No, aphthous ulcers are caused by a person’s own unique immune system response to a triggering agent or event. There is no infectious or causative agent in your sores to spread.
How long is a canker sore contagious?
They’re not contagious at all. So, from the moment when you first suspect that an outbreak is coming on until the end when your last sore has finally healed, there are no special precautions to take. You can’t pass canker sores on to others.
Can canker sores be passed to a baby?
No, canker sores are not contagious and you cannot pass yours on to a child or newborn.
It is true that aphthous ulcer susceptibility may follow family lines. But that has to do with genetic factors and resulting predispositions and not the situation where you have directly spread your sores to your offspring.
Can you spread canker sores by drinking from the same cup as someone who has lesions?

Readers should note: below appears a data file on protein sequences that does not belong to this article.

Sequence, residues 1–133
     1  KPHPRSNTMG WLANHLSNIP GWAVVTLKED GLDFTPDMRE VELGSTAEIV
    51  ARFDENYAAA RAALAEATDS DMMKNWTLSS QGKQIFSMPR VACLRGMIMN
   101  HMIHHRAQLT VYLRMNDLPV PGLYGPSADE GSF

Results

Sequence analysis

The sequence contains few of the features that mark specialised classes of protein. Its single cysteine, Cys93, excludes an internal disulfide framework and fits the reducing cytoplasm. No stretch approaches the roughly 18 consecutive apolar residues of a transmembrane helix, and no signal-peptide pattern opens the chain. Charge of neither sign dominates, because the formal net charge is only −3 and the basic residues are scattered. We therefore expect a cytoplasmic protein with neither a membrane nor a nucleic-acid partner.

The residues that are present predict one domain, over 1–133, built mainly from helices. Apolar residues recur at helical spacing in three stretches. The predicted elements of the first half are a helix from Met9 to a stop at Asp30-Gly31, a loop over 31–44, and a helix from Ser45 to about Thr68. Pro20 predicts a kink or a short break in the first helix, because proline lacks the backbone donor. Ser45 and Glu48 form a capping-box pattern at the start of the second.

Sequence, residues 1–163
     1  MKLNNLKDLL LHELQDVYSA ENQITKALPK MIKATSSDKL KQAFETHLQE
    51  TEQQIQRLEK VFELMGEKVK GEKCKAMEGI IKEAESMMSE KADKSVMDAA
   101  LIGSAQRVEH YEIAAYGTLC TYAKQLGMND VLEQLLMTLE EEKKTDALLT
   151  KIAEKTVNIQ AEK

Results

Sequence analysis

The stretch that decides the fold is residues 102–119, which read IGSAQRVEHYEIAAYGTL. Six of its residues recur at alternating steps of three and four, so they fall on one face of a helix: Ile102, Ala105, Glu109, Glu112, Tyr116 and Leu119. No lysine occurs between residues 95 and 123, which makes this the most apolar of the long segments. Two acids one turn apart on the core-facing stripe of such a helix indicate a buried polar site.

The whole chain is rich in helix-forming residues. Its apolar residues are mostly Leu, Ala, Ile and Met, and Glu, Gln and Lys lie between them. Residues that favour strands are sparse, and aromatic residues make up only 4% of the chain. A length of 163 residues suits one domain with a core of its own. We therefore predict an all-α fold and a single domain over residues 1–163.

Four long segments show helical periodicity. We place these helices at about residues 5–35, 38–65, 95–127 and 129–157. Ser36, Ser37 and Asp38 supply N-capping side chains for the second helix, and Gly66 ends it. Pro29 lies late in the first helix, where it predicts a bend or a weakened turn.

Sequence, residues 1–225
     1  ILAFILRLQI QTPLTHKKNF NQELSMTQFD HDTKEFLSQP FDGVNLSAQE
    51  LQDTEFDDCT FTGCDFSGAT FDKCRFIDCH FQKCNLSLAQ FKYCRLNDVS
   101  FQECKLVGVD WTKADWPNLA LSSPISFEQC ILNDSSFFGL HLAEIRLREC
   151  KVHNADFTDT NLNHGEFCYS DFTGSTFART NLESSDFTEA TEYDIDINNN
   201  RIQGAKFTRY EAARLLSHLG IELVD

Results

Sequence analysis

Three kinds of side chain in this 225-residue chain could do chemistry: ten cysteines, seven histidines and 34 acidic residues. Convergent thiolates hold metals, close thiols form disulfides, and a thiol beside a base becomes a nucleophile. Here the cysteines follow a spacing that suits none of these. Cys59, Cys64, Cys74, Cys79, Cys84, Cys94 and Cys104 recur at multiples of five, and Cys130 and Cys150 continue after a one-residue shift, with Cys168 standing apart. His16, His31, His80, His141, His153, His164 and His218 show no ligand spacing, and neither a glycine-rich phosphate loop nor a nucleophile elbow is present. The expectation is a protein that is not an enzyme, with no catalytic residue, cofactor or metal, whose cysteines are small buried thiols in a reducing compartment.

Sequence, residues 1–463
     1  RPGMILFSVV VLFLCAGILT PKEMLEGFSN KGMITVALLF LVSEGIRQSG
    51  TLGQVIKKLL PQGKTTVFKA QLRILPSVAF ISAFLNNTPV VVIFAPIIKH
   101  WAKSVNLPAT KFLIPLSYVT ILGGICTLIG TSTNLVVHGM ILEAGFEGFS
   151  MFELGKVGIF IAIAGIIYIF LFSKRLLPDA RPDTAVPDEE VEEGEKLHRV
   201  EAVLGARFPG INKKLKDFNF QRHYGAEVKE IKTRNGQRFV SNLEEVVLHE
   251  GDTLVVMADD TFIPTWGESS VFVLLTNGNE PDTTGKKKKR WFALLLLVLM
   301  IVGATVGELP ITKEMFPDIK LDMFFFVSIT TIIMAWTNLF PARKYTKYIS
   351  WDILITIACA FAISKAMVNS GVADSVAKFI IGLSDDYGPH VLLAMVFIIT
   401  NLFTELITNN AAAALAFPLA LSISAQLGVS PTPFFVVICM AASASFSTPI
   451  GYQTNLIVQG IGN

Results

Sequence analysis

No, canker sores cannot be spread by sharing food or beverages or the utensils that are used to consume them (fork, spoon, straw, glass, etc…) with someone suffering from a current outbreak.
It is true that some foods and beverages are known triggers for aphthous ulcers for some people. And sharing one of these items may trigger sores for you. But if you do then have an outbreak, it was not passed from the other individual but instead triggered by the food item you ate or drank.
Can you kiss someone with a canker sore?
Yes, there are no special concerns with doing so. Aphthous ulcers are not contagious and therefore can’t be spread by kissing or otherwise coming into contact with another person’s lesions or saliva.
Is it OK to share a toothbrush with someone who has a canker sore?